8. Just like how body language can give off a a message, clothing can give off messages as well and people can misinterpret them as well. I do not find myself dressing moderately or mature and sexy. I find the way I dress to be in between. I do not want to be walking around in clothes that reveal so much. It can give off a bad message to men. But I do not want to be walking around in clothes that reveal nothing. By doing that, I see it as I would be uncomfortable with myself. I am not the most secure person, but I find ways around it where I can feel comfortable in clothing that is not too moderate and not too sexy. I wear clothes that make me feel comfortable. Some people are very religious and cover up completely because they follow the rules in their religion, but sometimes I questioned whether or not they actually want to. I do not have anything against women who do cover up, but it just makes me curious as in if they want to and if they are comfortable. Because I believe that people should wear things they are comfortable in. If someone is comfortable in wearing very little clothing then by all means let them do it, but there does come time where it should not be acceptable. But we cannot go around judging people for what they wear because they could be extremely comfortable in it.

  9. Raised in a religious home I was always taught that skirts were for women and pants were for men. As a teenager, I always felt out of place because of the way people would stare at me. Even though I knew what I believed in I was always tempted to wear different clothes behind my mother’s back. After I graduated from high school I was more so determined. I know this seems like a joke, but in that point in my life in my mind I had already registered that if I ever wore pants I would be condemned to hell. It wasn’t until I got hired to work at a daycare that I finally grew the courage to wear pants. I felt very uncomfortable wearing a skirt when I had to squat down to make sure I was at the child’s eye level. To my surprise, the day I finally told my mother that I was going to be wearing pants she was completely okay with. I write all this to say that in that moment that I made that choice I realized that just because I was changing my outer appearance it did not mean that my inner appearance had to change. I was still the same person, with the same beliefs but I had definitely developed a character I hadn’t had…courage.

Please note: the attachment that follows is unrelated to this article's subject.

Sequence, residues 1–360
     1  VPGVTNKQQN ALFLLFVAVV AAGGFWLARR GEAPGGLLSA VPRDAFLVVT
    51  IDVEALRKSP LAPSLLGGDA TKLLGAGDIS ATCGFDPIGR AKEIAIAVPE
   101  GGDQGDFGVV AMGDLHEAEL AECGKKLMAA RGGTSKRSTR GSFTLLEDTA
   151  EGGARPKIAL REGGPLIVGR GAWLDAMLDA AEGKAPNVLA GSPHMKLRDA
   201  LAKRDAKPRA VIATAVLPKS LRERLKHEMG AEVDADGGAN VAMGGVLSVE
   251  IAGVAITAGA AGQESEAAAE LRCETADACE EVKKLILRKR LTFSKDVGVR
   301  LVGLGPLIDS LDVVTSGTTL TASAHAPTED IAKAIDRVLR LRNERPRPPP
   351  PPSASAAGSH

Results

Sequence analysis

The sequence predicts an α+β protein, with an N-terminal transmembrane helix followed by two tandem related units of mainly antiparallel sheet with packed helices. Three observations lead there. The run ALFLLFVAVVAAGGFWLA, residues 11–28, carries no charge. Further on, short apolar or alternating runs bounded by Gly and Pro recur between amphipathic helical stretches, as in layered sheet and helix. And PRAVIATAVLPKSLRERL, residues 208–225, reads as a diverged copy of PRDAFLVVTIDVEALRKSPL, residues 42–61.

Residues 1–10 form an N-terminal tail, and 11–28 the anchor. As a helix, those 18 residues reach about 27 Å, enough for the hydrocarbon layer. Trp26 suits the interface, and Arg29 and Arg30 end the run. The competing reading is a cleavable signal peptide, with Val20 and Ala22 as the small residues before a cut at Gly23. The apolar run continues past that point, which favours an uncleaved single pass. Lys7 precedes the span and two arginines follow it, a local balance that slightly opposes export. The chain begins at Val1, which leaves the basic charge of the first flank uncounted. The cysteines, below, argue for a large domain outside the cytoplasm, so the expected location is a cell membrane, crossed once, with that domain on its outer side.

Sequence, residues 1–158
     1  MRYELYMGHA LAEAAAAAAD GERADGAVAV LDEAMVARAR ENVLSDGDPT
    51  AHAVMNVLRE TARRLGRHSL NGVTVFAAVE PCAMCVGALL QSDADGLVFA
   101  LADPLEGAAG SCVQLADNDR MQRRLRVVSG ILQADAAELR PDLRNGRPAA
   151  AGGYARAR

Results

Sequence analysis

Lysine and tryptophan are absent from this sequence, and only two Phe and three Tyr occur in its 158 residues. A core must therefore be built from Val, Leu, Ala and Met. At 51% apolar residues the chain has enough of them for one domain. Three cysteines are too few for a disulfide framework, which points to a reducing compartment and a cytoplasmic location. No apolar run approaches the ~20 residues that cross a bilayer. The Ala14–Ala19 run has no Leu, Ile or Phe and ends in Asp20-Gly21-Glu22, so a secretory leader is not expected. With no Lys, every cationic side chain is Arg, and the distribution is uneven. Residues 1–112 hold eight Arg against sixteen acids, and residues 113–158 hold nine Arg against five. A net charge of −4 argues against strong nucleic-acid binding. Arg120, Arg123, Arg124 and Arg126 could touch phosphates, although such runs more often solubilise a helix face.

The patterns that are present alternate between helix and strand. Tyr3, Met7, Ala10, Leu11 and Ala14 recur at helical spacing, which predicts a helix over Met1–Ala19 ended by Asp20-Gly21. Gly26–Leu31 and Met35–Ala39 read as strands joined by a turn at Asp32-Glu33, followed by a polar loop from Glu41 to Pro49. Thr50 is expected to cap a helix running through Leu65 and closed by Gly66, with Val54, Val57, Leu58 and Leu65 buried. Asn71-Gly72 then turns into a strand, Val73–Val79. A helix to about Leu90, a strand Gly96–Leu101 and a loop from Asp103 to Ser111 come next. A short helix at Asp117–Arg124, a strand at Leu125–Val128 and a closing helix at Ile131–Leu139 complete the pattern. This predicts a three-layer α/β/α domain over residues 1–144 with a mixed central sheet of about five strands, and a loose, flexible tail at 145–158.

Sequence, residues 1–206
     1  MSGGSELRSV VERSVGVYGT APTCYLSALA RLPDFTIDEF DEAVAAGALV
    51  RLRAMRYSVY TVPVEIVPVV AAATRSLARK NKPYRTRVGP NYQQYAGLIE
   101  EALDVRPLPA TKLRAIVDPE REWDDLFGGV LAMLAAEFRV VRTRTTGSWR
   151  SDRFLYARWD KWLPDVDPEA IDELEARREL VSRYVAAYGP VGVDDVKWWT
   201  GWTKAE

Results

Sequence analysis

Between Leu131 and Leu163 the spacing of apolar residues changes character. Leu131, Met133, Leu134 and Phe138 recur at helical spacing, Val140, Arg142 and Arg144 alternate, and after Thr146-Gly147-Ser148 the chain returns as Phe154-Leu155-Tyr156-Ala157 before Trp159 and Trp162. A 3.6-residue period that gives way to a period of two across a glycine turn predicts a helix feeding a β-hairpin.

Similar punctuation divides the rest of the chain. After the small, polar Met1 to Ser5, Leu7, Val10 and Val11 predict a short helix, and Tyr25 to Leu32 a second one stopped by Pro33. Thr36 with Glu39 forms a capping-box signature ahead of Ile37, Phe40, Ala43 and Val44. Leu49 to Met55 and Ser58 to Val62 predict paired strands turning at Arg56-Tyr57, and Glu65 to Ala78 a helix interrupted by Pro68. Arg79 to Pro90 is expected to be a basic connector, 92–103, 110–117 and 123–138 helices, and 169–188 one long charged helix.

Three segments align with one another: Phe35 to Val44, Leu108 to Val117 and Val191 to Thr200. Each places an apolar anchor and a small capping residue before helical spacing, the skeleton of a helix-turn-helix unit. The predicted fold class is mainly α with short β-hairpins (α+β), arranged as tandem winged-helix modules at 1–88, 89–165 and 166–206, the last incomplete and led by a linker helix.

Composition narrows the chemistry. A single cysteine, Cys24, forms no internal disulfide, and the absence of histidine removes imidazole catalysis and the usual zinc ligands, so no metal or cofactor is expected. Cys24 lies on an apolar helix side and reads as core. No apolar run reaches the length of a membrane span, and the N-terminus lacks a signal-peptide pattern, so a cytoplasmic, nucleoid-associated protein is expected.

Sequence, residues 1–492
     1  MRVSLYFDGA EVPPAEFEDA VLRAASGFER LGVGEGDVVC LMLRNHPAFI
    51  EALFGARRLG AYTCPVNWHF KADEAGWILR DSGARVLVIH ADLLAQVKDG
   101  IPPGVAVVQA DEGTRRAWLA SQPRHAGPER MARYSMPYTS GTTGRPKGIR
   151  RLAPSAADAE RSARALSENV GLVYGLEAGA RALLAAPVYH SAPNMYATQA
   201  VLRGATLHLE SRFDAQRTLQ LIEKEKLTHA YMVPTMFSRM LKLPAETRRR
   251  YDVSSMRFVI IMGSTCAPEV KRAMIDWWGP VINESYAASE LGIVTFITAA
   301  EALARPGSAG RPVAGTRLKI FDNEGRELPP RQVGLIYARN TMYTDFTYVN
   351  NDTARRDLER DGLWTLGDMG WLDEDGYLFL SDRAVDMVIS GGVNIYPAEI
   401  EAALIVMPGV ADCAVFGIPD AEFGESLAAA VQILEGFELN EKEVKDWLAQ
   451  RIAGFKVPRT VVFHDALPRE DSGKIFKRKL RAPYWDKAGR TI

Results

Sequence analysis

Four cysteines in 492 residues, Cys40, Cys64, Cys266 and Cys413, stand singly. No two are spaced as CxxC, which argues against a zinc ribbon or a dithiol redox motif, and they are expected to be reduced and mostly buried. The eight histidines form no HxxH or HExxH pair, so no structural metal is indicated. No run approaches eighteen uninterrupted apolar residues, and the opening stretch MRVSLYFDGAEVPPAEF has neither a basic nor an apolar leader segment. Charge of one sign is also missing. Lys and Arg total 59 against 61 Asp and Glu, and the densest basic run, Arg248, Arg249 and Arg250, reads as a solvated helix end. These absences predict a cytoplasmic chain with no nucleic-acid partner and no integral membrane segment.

10. Shelley Greenaway

    why both extremes, there’s nothing wrong with wearing a mini skirt and not degrading yourself!

    • Sure. And wearing a mini skirt isn’t necessarily objectification, is it? And being modest isn’t necessarily a bad thing, either. (I usually dress in ways that most people would call modest, and I don’t think it’s harmful.)

      And yet, both objectification and modesty CAN have bad outcomes.

      Did you get to the paragraphs, below, before commenting?

      Except for a loincloth, a tribal woman may be completely naked. A young American woman may wear a T-shirt and jeans. Or a mini-skirt. An Iranian woman may walk about in overcoat and headscarf.

      Who cares what’s she’s wearing? What counts is recognizing the worth and dignity we each hold.

      Respect for the person means “Looking not on outward appearance, but looking on the heart,”

  11. Shelley Greenaway

    i did and why should women suffer because some men can’t control themselves?

    • Women shouldn’t have to suffer because men can’t control themselves. Because men can, and do, control themselves!

      But that’s a different issue from the fact that women often end up suffering because of objectification or modesty. I feel like your comment is meant to be a disagreement with me but I can’t figure out how you think we see things differently.